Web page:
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Argentina, Holland Offer Subsidies to Control Milk Supply
January 23, 2016

At a time when global milk supplies are overflowing and free trade agreements are requiring countries to eliminate or scale back dairy subsidies, some co-ops and countries are implementing creative ways to provide extra money to their dairy producers to keep them competitive and thriving or to encourage them to cut back on production.

“While higher milk production benefits the dairy farm, unplanned and unmanaged growth can be quite challenging for a dairy cooperative. Cooperatives often find themselves in a precarious situation when lower milk prices drive higher production because they must buy all of their members’ milk,” says Sara Dorland, analyst with the Daily Dairy Report and managing partner at Ceres Dairy Risk Management, Seattle. “At the same time, though, they tend to have difficulty processing and finding a good market for the milk in times of oversupply.”

Co-ops generally take one of two approaches to address excessive milk production. “They either carry a stick or offer a carrot on that stick,” says Dorland. Most often quota programs, which are designed to reduce milk flows, fine producers for overproduction.

Paying to not produce          

Recently, the Dutch dairy cooperative FrieslandCampina announced a carrot-type program designed to reduce milk production. FrieslandCampina has offered to pay farms €2 per 100 kg of milk to maintain or reduce production levels. In November 2015, milk production in the Netherlands, which like all EU nations is no longer constrained by quota, rose 13.8 percent over November 2014 levels. Year-to-date output through October production in the European Union climbed 1.5 percent compared with the same period the previous year, which is enough growth to offset a 7.5 percent production decline in Oceania.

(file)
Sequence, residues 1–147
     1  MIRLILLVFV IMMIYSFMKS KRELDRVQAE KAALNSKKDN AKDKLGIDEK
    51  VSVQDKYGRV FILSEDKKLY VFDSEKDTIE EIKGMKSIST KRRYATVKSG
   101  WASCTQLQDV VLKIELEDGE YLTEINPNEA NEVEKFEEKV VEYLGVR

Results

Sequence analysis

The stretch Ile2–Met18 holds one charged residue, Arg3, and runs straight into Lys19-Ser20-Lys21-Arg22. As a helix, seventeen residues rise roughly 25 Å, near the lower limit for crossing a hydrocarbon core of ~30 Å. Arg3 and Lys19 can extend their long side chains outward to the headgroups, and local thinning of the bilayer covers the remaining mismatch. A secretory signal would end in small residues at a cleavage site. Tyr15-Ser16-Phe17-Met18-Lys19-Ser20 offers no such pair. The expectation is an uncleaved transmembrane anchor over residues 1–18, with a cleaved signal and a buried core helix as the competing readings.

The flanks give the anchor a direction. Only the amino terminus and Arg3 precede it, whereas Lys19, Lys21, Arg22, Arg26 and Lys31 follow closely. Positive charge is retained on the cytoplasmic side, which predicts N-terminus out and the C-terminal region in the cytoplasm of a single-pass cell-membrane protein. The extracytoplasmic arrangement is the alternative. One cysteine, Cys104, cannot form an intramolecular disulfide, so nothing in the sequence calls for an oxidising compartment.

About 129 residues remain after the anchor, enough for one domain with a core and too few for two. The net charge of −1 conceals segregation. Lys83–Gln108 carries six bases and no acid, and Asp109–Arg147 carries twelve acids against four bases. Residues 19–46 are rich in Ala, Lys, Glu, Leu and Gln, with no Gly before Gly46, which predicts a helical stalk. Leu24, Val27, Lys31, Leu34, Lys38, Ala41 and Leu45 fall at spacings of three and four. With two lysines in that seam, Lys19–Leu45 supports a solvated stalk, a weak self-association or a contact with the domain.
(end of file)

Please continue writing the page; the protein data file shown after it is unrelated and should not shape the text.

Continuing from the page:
“The bonus goes to compensate farms, in part, for the lost absorption of fixed costs that additional milk could have provided,” Dorland states. “While this is a relatively new approach to address overproduction, given current conditions, it will be interesting to see how effective the program is at slowing milk off the farm.”

Paying to produce more

A half world away, Argentine President Mauricio Macri recently met with the nation’s dairy leaders to sign a new commitment to support Argentine dairy producers and promote the dairy industry there.

“The agreement includes provisions for direct payments to farms in addition to access to lower cost loans for struggling dairy operations—all with a keen eye toward increasing Argentina’s dairy exports over the near term,” says Dorland. Specifically, the deal includes a 40-peso per liter of milk subsidy for the first 3,000 liters of milk produced each day during the first-half of 2016. That is equivalent to a 33 percent increase in pay of 36,000 pesos ($2,430) per producer, she adds.

“At a time when world milk powder coffers are bursting, new subsidies to dairy producers suggests there is no end in sight for current trends,” says Dorland. “While welcome news for Argentina’s dairy industry, the move likely will ring discord for dairy producers in the United States, Australia, and New Zealand.”

By: Fran Howard, Contributing Writer


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